Some professors require that students complete four hours of social observation as part of the community-based learning component of the course; others offer this as an option in lieu of four hours of service at the community-based learning site, reducing the site service requirement from 30 hours per semester to 26 hours per semester. Social observation may consist of a four hour police ride-along in one of four precincts in the Richmond Police Department, or attendance at a weekday morning court session at the Richmond Juvenile and Domestic Relations District Court.
- The Richmond Police Department requires that anyone wishing to participate in a police ride-along complete a Police Ride-along Application and undergo a criminal background check. Applications must be submitted before a student can schedule a ride-along; background checks can take up to three weeks. Students must arrange for their own transportation to and from the precinct.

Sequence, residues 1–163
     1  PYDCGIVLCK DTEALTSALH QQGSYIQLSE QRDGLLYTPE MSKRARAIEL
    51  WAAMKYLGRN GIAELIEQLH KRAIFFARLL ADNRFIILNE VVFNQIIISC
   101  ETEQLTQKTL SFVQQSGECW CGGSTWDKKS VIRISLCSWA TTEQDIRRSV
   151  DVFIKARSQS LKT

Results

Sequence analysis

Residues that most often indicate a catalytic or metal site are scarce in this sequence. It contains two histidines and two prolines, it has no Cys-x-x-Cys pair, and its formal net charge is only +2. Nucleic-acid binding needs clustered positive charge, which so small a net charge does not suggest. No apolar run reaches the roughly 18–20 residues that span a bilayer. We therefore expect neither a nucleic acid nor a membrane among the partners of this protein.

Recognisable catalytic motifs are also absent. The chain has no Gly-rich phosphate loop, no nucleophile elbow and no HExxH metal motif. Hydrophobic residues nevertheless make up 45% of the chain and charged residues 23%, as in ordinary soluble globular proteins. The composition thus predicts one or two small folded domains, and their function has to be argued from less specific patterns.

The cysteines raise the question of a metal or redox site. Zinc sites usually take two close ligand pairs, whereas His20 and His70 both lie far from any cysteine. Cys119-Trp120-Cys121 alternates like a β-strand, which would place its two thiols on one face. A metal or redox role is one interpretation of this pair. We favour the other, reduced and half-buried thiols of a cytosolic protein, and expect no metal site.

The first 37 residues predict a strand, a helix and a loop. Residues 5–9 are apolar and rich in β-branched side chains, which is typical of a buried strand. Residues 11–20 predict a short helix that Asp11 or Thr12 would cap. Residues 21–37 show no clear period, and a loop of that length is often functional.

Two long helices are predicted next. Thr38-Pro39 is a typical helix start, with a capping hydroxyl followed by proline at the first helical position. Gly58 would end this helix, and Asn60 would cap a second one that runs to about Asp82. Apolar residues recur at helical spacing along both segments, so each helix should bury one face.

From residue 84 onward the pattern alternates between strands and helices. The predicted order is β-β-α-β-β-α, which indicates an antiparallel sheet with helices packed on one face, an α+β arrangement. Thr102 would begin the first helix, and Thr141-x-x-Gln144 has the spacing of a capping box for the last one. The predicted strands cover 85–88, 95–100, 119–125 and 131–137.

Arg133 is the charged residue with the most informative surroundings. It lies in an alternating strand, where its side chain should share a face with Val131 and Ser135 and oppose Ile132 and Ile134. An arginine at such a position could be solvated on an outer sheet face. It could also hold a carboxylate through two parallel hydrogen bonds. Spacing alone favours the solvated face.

- There is no application requirement for a court observation, but students must submit a request in writing to Dr. Kerstin Soderlund, associate dean for student and external affairs, with their availability on weekday mornings and case type preferences. The associate dean's office will schedule the court observation and then notify students. Students must arrange for their own transportation to and from the courthouse. Students must also bring a Court Observation Verification Form with them to obain sign-off by the court administrator and then submit the completed form to the associate dean's office to document their attendance in court.